What Do You Need to Know in Order to Prove that You Have Issued a Loan?

Author: Vilius Martisius, Associated Partner, Attorney-at-Law and Court Mediator at METIDA

6748965761_110d18f752_zHave you lent your acquaintance money by signing a loan agreement expecting it to be repaid in the future, if not in a friendly manner, then, at least, with the help at courts? If so, do not be surprised if you have to prove that you have issued the loan to your borrower.

Under the Lithuanian Civil Code (part 1 of article 6.870), by the loan agreement one party (the lender) transfers into the ownership of the other party (the borrower) the money or consumable generic things, and the borrower undertakes to repay the lender the same amount of money (the amount of loan) or return the same amount of things of the same kind and quality, and to pay the interest unless otherwise stated in the agreement. Thus, in accordance to the Civil Code, the loan agreement comes into effect from the moment of transfer of money or things.

All the procedures may seem uncomplicated at first: the loan agreement can be made in a simple written form, e.g. a loan receipt or any other debt instrument. Also, under the new amendments of the Civil Code that came into force at the beginning of 2015, the agreement has to be made in the notary form if the loan exceeds 3000 euros.  However, private persons signing these documents generally forget to include an important element which may be critical in proving that the loan has been really granted: the confirmation of transfer of money. Usually, you should clearly indicate in a specific paragraph of the document that the subject-matter of the loan agreement has been transferred to the borrower (e.g. “money received”, “this agreement confirms the transfer of money” and etc.)  This will help you avoid any related disputes.

The Supreme Court of Lithuania has emphasized the importance of including this element into the documents too. According to them, the loan is considered to be executed if the loan agreement confirms the transfer of subject-matter to the borrower. The borrower in this case is obliged to prove that the loan has not been granted. What is more, any abstract lender’s explanations or other vague information with regards to transfer of the subject matter of the loan agreement to the borrower are not substantial enough in confirming that such transfer actually happened. This suggests that even a simple confirmation of transfer of the subject matter of the loan agreement is required to be definite enough. But what could a creditor do if he has not included this matter in his loan agreement? How can he possibly prove his claim for repayment at the court?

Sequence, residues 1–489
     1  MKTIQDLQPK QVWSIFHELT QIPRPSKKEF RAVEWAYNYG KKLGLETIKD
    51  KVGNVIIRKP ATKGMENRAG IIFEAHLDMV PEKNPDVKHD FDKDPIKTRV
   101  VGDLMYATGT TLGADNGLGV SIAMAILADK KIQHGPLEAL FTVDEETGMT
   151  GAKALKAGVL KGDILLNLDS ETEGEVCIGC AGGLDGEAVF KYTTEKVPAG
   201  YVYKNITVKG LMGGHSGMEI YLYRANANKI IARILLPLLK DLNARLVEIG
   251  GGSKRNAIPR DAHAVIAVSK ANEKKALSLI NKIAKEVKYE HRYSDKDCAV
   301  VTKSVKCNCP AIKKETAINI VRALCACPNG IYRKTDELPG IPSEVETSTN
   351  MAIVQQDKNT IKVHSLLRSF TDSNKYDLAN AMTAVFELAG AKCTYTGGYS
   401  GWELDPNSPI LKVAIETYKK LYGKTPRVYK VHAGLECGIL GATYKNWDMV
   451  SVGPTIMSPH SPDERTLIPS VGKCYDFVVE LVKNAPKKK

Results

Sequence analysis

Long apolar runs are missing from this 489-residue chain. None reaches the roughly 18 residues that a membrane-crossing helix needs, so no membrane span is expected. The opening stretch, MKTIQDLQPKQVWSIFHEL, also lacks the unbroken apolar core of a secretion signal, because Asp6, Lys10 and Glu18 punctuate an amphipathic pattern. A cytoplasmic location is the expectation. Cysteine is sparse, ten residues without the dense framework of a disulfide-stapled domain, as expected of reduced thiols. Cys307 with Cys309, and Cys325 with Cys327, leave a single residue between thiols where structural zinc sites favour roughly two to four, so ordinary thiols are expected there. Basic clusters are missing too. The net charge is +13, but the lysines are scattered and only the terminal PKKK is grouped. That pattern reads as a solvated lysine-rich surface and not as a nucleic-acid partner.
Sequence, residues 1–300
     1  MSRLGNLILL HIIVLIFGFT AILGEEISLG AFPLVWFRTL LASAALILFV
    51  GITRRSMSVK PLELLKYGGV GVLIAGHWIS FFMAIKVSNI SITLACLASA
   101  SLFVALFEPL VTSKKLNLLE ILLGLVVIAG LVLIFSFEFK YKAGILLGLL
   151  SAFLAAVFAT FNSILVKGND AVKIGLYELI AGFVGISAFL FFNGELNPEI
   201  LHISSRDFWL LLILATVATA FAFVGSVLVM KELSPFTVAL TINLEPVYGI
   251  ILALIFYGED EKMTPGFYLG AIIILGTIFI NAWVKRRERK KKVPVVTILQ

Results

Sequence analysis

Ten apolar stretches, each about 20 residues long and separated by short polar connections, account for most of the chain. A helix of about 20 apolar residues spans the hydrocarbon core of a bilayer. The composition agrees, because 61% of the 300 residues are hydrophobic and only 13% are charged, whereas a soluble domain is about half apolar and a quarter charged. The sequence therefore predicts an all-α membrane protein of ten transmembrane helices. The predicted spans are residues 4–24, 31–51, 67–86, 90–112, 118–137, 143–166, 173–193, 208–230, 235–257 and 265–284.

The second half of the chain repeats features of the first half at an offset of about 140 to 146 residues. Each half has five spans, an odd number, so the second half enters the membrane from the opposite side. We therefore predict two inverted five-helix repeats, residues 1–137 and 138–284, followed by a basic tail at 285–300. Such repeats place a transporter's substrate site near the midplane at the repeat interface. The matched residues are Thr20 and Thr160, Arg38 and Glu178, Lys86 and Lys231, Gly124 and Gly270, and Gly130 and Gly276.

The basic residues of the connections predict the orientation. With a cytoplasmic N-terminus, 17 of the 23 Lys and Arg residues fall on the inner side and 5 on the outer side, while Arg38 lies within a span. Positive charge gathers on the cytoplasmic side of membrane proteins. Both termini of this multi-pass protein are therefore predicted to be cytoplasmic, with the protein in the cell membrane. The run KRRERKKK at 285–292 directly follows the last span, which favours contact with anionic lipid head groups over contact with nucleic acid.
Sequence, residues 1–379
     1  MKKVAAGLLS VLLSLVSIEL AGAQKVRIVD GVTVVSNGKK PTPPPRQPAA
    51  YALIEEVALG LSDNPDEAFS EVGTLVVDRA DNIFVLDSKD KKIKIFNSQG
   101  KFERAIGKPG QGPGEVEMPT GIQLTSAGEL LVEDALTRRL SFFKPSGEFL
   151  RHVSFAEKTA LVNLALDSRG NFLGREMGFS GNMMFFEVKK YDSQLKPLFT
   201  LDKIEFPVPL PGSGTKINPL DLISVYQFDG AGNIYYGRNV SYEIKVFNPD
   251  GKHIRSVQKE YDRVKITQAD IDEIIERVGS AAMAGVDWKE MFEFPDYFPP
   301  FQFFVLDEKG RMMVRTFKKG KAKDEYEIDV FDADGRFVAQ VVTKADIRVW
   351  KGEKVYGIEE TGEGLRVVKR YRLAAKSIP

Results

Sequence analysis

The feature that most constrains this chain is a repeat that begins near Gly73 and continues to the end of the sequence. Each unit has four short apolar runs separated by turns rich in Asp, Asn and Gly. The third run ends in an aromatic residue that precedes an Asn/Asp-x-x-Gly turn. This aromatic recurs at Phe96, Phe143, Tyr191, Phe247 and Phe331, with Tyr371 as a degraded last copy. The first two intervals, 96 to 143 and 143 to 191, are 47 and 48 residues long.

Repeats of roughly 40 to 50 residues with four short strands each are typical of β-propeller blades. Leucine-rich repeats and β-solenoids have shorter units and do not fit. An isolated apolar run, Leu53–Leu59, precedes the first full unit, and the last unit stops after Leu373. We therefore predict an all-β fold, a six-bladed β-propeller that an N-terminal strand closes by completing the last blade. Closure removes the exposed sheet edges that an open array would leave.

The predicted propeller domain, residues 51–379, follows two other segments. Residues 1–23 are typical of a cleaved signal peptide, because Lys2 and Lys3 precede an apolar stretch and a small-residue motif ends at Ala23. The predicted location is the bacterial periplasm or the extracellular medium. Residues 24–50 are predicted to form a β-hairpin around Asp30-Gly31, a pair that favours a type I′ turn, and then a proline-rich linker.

Firstly, if the loan receipt or any other debt instrument does not record the transfer of money (subject- matter of the loan agreement) to the borrower, it is the lender who is burdened to prove the transfer. Secondly, under the new case law, linguistic explanation of the agreements, used definitions and expressed grammatical forms, as well as conditions concerning the application of means guaranteering the repayment and obligations to return the money or things are important in analysing the formation of the agreement even if the transfer of money is not explicitly recorded. Circumstances under which the original copy of the agreement is in the possession of the lender or the borrower will also be taken into account, as well as records or any other proof about the execution of the agreement (e.g. repayment in instalments, interest payment, negotiations concerning the change of deadlines of when the repayment must be completed or different repayment ways and etc.). In other words, just because the agreement loan lacks the explicit proof of transfer of the subject matter of the loan agreement to the borrower, the lender is not hindered to state the existence of this fact: he can prove the transfer by providing other evidence and important circumstances.

To conclude, under the discussed regulations concerning the concept of the loan agreement, you are strongly recommended to explicitly indicate that your borrowed money was transferred and received by the borrower if you are planning to make the loan agreement or work on any other documents certifying the loan. If you have not included such confirmation, you may have to find other evidence proving that you have lent the money. Note, however, that if you fail to find this evidence, your may encounter a lot of difficulties in retrieving the payment. On the other hand, if you appropriately recorded the transfer of the subject-matter of the loan agreement to the borrower, you are likely to face shorter and less complicated litigation procedures.

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